Assembling Written Reflections
Haines and other members of the AEPSC helped Harper assemble the written reflections, drawing on their networks of contacts to supply passages that spoke to specific photos.
“It was really challenging,” says Haines, who quips that the committee used a very academic process to put together a collection of informal personal memories. “In the end, it’s a very engaging and user-friendly book that really captures the spirit of this place. That’s what we were hoping to do from the start.”
Haines was an undergraduate student at Carleton in the late 1960s and a longtime staffer, as well as an Ottawa resident for much of her life. “This book really gets at what Carleton means to me,” she says. “I’m delighted to see so many different people associated with the university, and so many different aspects of campus life, reflected in its pages.
“Studying beside the river, sunbathing in the quad, walking through the tunnels — I’m glad the books includes so many moments like this.”
Greg MacDonald, Carleton’s head of Creative Services, was called upon to lead the design side of the project.
Inspired by Andrew Zuckerman’s photo book Wisdom, MacDonald wanted to create something substantial that looked and felt like it would be worthy of space on anybody’s coffee table.
“We wanted something artful and impactful,” he says of the hefty 12-inch by 12-inch book, which features high-end paper and a die-cut cover.
“Artistically, we approached it as a non-linear story, as a series of spreads — with each spread standing on its own as a potential landing point.”
MacDonald commissioned Ottawa designer Mario Scaffardi to do the layout, and served as a liaison between the AEPSC and Scaffardi, whose resume includes a lot of large-visual museum work.
“I’m thrilled with the end result,” says MacDonald. “The book is an extension of the way we’ve been trying over the last few years to tell Carleton’s stories in a bigger and bolder way.”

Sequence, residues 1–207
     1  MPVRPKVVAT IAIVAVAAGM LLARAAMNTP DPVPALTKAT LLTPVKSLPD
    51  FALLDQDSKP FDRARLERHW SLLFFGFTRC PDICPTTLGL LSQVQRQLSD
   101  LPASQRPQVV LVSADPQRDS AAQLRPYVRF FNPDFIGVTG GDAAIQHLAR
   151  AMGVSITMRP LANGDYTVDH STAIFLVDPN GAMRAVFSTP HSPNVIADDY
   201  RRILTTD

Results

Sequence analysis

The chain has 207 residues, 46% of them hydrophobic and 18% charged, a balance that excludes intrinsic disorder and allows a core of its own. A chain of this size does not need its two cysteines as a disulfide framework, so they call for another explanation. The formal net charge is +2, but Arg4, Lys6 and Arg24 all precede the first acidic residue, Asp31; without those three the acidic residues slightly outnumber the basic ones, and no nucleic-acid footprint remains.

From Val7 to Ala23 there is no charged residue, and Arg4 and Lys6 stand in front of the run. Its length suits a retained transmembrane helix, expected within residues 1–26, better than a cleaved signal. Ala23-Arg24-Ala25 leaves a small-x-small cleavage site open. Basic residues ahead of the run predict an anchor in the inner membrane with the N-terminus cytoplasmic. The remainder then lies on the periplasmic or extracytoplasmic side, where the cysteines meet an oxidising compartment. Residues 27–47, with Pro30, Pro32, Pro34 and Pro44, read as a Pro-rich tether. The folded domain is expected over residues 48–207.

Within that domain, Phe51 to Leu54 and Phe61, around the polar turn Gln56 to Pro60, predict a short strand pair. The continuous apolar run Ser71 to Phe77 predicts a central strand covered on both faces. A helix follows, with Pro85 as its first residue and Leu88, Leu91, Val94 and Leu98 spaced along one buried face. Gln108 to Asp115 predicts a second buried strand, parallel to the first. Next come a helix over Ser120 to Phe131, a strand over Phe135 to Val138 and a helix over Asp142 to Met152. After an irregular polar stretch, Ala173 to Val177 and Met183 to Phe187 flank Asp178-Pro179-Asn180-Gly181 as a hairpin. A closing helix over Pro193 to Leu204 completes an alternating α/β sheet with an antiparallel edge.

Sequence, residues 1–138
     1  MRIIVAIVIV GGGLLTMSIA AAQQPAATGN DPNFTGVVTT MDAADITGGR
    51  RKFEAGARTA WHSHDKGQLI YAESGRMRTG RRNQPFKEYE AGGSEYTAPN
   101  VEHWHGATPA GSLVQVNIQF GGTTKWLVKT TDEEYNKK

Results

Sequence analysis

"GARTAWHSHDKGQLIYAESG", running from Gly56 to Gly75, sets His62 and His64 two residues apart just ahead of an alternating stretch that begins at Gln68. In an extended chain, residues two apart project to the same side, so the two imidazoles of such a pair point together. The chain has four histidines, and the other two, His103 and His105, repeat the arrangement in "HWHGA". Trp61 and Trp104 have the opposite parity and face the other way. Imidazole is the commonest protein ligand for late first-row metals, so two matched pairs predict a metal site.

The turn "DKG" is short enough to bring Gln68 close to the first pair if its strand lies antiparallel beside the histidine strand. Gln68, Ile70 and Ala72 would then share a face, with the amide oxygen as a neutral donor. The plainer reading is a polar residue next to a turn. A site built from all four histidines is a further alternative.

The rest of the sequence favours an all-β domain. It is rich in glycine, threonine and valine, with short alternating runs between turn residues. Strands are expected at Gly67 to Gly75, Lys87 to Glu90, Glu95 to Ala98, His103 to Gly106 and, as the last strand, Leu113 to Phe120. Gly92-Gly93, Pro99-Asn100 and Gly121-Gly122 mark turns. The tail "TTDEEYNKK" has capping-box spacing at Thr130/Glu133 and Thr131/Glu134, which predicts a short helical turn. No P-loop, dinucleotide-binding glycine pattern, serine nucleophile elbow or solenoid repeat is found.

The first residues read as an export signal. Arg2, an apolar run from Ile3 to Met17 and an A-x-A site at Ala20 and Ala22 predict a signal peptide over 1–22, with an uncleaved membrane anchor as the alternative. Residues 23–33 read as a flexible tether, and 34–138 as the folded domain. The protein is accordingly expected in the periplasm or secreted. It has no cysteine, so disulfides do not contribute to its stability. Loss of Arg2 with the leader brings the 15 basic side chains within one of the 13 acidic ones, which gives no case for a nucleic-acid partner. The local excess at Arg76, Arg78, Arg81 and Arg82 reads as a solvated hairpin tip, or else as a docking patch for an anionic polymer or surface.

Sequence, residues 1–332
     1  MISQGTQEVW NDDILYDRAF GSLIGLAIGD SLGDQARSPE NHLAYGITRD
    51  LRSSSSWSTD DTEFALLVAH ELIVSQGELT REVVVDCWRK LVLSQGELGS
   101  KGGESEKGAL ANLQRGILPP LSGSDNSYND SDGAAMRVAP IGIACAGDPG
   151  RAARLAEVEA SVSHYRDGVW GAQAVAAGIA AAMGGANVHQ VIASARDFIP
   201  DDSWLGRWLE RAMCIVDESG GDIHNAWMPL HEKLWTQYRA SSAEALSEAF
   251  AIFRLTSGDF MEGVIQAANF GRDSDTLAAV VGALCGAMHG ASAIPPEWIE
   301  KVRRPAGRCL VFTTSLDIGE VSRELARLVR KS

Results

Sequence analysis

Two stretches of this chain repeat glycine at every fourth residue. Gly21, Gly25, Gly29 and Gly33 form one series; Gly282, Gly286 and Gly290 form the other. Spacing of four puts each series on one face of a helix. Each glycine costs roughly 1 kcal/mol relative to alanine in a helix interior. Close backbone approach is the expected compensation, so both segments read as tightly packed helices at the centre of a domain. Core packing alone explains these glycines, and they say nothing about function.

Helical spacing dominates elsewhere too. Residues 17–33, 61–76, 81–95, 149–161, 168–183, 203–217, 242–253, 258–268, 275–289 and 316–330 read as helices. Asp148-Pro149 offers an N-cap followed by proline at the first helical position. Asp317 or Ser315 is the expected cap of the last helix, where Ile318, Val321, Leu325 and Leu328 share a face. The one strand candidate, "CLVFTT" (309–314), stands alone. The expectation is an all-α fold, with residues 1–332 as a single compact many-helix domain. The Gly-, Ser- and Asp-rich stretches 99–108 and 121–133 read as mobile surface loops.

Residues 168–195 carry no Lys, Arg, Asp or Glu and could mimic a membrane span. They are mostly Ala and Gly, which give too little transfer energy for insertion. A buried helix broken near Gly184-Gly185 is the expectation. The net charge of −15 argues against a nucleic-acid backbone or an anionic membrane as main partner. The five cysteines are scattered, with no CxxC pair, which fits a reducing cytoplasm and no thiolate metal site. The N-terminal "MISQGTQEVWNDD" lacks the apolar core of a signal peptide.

Visualizing 75 Years
Some stories, on the other hand, warrant a more granular approach. Which is why Sherri Sunstrum, a cartographic specialist at the MacOdrum Library, has also tapped into Carleton’s rich trove of archival images to produce an interactive online story map called Visualizing 75 Years at Carleton University.
The story map, which was unveiled at the official 75th anniversary launch event featuring rapper Maestro Fresh Wes on Jan. 18, uses a series of maps to allow people to navigate through an image-rich timeline detailing the evolution of Carleton.
It brings together not only key pieces of the university’s historical narrative, such as the construction of new buildings and Carleton’s connection to Canada’s war vets, but also smaller, lesser known (and less laudatory stories), like the time a group of students who wanted a Christmas tree cut down a rare fir across the canal at the Dominion Arboretum.
Visualizing 75 Years is still developing as Sunstrum continues to gather information about the university’s past. It could be on display on large screens at other anniversary events.
“Putting this together was a great experience,” says Sunstrum.
“It tells the story of Carleton in a unique way.”